Armed police officers enter the Houses of Parliament in London, Wednesday, March 23, 2017 after the House of Commons sitting was suspended as witnesses reported sounds like gunfire outside.(AP Photo/Kirsty Wigglesworth)

The attacker managed to get past a gate into Parliament’s fenced-in New Palace Yard, a cobbled courtyard in the shadow of the Big Ben clock tower.

Daily Mail journalist Quentin Letts said a man in black attacked the police officer before being shot two or three times as he tried to storm into the building.

“As this attacker was running towards the entrance two plain-clothed guys with guns shouted at him what sounded like a warning, he ignored it and they shot two or three times and he fell,” Letts told the BBC.

The attacker fell to the cobbles just yards from the entrance to 1,000-year-old Westminster Hall, the oldest part of the parliamentary complex, busy with visitors and school groups. Beyond that, a corridor leads to the building’s Central Lobby, flanked by House of Commons and House of Lords chambers.

The prime minister was among lawmakers near the Commons at the time of the attack, and was quickly ushered away by security officers and driven back to Downing Street.

To get that far, the attacker would have had to evade the armed officers who patrol the Parliament complex in pairs, as well as Parliament’s own security staff, who don’t carry guns.

The attack unfolded near some of the city’s most famous tourist sites, including the London Eye, a large Ferris wheel with pods that overlook the capital. It was halted after the attack, stranding visitors in the pods, with an aerial view of the attack scene.

London Ambulance Service said medics treated 12 people for serious injuries and eight who were less seriously hurt.

Dr. Colleen Anderson of St. Thomas’ Hospital said some of the wounded had “catastrophic” injuries.

The French Foreign Ministry said that three students on a school trip from Saint-Joseph in the Brittany town of Concarneau were among the injured. Two Romanians were also among the injured, the country’s Foreign Ministry said.

U.S. President Donald Trump spoke with May by telephone and applauded “the quick response of British police and first responders,” spokesman Sean Spicer said.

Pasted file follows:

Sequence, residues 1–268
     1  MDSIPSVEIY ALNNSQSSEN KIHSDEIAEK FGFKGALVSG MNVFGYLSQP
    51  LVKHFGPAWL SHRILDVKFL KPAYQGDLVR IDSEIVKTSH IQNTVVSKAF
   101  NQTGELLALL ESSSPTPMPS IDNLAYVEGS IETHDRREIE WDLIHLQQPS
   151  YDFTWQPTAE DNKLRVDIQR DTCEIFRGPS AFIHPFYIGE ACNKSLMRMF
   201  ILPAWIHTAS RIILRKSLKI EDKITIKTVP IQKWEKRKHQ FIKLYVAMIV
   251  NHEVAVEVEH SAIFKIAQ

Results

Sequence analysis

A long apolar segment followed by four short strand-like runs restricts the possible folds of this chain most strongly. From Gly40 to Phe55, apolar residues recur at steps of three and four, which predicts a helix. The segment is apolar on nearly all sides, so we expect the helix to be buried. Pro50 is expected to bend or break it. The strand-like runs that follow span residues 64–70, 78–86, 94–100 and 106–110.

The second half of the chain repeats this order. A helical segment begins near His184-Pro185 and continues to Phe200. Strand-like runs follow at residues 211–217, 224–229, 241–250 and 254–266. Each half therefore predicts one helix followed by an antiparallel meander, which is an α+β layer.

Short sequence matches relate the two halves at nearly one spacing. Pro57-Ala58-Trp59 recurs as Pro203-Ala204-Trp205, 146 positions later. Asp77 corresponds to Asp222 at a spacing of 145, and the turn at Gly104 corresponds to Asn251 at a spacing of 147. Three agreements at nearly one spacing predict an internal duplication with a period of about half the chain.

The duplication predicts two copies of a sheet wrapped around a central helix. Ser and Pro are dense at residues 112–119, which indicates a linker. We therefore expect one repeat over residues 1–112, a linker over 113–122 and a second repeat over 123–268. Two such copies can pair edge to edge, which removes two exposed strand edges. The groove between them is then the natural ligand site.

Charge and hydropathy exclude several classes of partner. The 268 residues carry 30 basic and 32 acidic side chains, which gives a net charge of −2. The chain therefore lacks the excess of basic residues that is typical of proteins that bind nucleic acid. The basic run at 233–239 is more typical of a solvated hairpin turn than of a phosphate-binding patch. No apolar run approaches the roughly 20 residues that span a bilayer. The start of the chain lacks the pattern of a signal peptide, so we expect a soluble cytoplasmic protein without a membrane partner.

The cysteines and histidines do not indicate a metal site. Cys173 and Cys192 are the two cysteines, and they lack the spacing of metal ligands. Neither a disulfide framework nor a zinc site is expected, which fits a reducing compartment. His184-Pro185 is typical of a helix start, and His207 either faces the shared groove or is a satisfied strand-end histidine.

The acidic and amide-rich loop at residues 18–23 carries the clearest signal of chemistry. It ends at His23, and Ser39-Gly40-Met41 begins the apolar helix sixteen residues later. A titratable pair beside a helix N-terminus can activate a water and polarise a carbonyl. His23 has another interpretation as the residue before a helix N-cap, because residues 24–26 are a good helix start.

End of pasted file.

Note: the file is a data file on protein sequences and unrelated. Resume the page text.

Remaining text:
London has often been the target of terrorist attacks, from IRA campaigns in the 1970s and 80s to more recent Islamist plots.

On July 7, 2005, four al-Qaida-inspired British bombers blew themselves up on three subway trains and a bus in London, killing 52 people.

British security forces say they have thwarted some 13 terror plots over the past four years, but in recent years the U.K. has largely been spared major international terror attacks such as the ones seen in Belgium and France.

Last year, a far-right supporter shot and killed British lawmaker Jo Cox, who had campaigned for the U.K. to remain in the European Union. Prior to that, an attacker claiming to be motivated by Syria stabbed three people at a London subway station.

The most gruesome recent attack occurred in 2013 when two Muslim converts of Nigerian descent attacked Lee Rigby, a British soldier who was walking down the street. The men ran Rigby down with their vehicle and then used a cleaver to hack him to death as bystanders watched in horror.

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Associated Press writers Sophie Berman, Gregory Katz and Rob Harris in London and Lori Hinnant in Paris contributed to this report.

London Police say they are investigating a gun and knife incident at Britain’s parliament “as a terrorist incident until we know otherwise.” Witnesses say a vehicle also struck several people on the Westminster Bridge. (March 22)

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Trump national security adviser Michael Flynn resigns

Trump national security adviser Michael Flynn resigns

Long time Coming by most peoples account, but is this where the story really ends or is Flynn just the fall guy in this instance?

By JULIE PACE, ERIC TUCKER and JILL COLVIN source AP News
WASHINGTON (AP) — President Donald Trump’s embattled national security adviser Michael Flynn resigned late Monday night, following reports that he had misled Vice President Mike Pence and other officials about his contacts with Russia. His departure upends Trump’s senior team after less than one month in office.

In a resignation letter, Flynn said he held numerous calls with the Russian ambassador to the U.S. during the transition and gave “incomplete information” about those discussions to Vice President Mike Pence. The vice president, apparently relying on information from Flynn, initially said the national security adviser had not discussed sanctions with the Russian envoy, though Flynn later conceded the issue may have come up.

Trump named retired Lt. Gen. Keith Kellogg as the acting national security adviser. Kellogg had previously been appointed the National Security Council chief of staff and advised Trump on national security issues during the campaign.

The Justice Department warned the Trump administration weeks ago that contradictions between the public depictions and the actual details of the calls could leave Flynn in a compromised position, an administration official and two other people with knowledge of the situation told The Associated Press Monday night.

One person with knowledge of the situation said the Justice Department alerted the White House that there was a discrepancy between what officials were saying publicly about the contacts and the facts of what had occurred. Pence — apparently relying on information from Flynn — initially said sanctions were not discussed in the calls, though Flynn has now told White House officials that the topic may have come up.

A second official said the Justice Department was concerned Flynn could be in a compromised position as a result.